- 100g sugar
- 10 slices bread
- 1 large tin of evaporated milk
- 1 large tin of water
- 100g butter
- 2 ½ tbsp custard powder
- Raisins or sultanas (if desired and to taste)
- Zest of an orange and lemon
- 1 tsp vanilla extract
- Nutmeg and Cinnamon
- Preheat oven to 180℃.
- Beat butter and sugar until soft. Add eggs and vanilla extract and beat again to mix.
- In a separate bowl, quickly soak the slices of bread in water. I usually do this for about 4-5 seconds. Squeeze out the liquid and add to the bowl with the butter, sugar and eggs. Mix in well.
- Add the milk and make the custard by adding the powder into the tin of water. Mix well to fully dissolve the powder and then add to the remaining ingredients.
- Grate the lemon and orange rind and add.
- If desired, add raisins or sultanas to the mix at this point. I never measure this out and just gauge by sight what looks like a good amount.
- Pour into an ovenproof dish and sprinkle the top with cinnamon. Bake for around 50-60 minutes. Once ready a knife should come out clean.
Tried And Tested
This version of bread pudding is tried and tested and a staple at so many family tea times. Loved perhaps because of its simplicity and comfort factor, with the warm, custardy texture providing a nostalgic and satisfying experience. However, it is also a dessert that can you can easily adapt to suit different tastes and preferences and whilst researching for this piece I have found countless of delicious looking recipes, such as:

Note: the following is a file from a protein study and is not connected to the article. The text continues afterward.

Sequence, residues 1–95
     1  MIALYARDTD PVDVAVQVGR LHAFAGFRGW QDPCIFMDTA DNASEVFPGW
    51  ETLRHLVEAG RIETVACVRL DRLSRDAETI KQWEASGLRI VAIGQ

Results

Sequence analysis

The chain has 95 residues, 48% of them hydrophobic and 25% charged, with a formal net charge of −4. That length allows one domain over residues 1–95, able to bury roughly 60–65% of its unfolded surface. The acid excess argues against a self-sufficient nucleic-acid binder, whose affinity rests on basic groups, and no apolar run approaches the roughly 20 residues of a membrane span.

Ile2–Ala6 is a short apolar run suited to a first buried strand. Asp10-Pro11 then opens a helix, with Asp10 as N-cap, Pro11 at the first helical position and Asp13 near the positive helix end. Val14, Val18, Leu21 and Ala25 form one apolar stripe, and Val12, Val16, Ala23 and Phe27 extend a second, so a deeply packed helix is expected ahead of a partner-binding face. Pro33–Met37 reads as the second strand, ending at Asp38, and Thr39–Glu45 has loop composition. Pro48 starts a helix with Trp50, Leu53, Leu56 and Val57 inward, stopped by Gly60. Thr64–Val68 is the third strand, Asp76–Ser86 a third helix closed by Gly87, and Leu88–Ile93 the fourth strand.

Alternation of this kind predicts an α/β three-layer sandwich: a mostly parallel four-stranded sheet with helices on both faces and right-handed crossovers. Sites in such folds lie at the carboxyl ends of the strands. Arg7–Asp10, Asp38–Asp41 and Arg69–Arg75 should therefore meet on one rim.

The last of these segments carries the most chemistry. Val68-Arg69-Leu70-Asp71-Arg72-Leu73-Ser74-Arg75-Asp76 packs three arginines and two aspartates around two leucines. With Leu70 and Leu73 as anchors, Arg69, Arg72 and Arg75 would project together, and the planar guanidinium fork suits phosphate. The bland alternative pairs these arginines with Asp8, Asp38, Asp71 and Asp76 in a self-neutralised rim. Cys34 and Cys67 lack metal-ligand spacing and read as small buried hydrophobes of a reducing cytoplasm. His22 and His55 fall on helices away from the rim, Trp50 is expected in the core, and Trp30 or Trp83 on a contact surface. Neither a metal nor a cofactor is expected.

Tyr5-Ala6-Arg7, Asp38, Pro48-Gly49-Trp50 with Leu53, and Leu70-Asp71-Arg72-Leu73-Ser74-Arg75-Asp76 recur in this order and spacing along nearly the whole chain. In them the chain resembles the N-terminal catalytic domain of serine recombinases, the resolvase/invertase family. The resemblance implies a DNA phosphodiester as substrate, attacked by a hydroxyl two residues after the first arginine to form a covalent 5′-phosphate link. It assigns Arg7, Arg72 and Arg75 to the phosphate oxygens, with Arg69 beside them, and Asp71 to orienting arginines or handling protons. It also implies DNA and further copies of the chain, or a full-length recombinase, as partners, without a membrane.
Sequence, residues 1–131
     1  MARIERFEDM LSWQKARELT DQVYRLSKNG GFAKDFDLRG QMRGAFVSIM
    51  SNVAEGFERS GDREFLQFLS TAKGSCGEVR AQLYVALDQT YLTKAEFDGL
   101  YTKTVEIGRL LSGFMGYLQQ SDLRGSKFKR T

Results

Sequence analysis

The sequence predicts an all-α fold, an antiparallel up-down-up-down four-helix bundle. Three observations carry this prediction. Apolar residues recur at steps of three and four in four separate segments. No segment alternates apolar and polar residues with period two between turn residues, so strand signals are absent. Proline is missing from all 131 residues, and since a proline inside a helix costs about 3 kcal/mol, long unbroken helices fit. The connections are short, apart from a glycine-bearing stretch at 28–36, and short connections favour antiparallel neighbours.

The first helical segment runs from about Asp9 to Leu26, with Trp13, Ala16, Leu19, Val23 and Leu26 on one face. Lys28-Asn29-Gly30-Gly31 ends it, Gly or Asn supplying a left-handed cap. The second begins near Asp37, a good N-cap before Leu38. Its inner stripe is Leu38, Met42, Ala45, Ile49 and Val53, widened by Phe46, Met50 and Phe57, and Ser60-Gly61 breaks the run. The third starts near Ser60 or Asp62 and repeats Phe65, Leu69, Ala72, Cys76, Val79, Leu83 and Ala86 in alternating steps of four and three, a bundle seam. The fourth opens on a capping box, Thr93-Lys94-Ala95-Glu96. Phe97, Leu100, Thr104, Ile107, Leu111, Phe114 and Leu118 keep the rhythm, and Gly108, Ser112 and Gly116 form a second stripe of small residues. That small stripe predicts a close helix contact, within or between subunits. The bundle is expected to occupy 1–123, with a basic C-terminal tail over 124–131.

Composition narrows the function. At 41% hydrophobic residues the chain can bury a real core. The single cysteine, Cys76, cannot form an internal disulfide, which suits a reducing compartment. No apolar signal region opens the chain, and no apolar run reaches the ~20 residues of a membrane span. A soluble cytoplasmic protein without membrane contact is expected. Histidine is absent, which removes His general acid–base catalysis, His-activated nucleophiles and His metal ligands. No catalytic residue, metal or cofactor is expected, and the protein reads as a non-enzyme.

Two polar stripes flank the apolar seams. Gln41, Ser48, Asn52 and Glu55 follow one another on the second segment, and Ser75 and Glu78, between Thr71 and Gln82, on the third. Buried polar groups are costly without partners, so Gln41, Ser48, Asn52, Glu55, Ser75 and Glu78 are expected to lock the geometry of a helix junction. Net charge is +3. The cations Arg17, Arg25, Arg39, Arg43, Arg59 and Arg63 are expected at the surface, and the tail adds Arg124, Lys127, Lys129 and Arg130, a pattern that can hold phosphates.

White Chocolate Bread Pudding with Hard Sauce
I found this recipe at Midwest Living who attribute the same to Zingerman’s Roadhouse restaurant in Ann Arbour, Michigan where the same was developed.
Apple Bread Pudding
A cross between apple pie and bread pudding? Sounds good right. Check out this recipe by Oh Sweet Basil.
Cappuccino Bread and Butter Pudding
This recipe by Delicious was created in honour of the late Queen Elizabeth II who reportedly was partial to a good bread and butter pudding. This version includes cappuccino and chocolate!
Panettone Bread Pudding
This version by Jamie Oliver looks like a fabulous Christmas time version and I can’t wait to give it a go this year.
Croissant Bread Pudding
This creation by Simple Joy, has a brown sugar sauce.
Rum and Raisin Bread Pudding
If you are after a boozy variation, check out this recipe by Olive Magazine .
Naan Bread Pudding with Spinach & Caramelized Onions
Not what you were expecting to find right? Neither was I but I came across this recipe by The Food Physician and it looked too good not to share.
Busy Times Ahead!
With all these newly discovered variations, it looks like we will be spending a few hours in the kitchen testing all of these exciting options. Let us know if you have tried any yourselves or if there are any other combinations which you bake and can recommend for our readers.
Check out our other delicious recipes including another typical Gibraltarian dish Arroz Con Leche.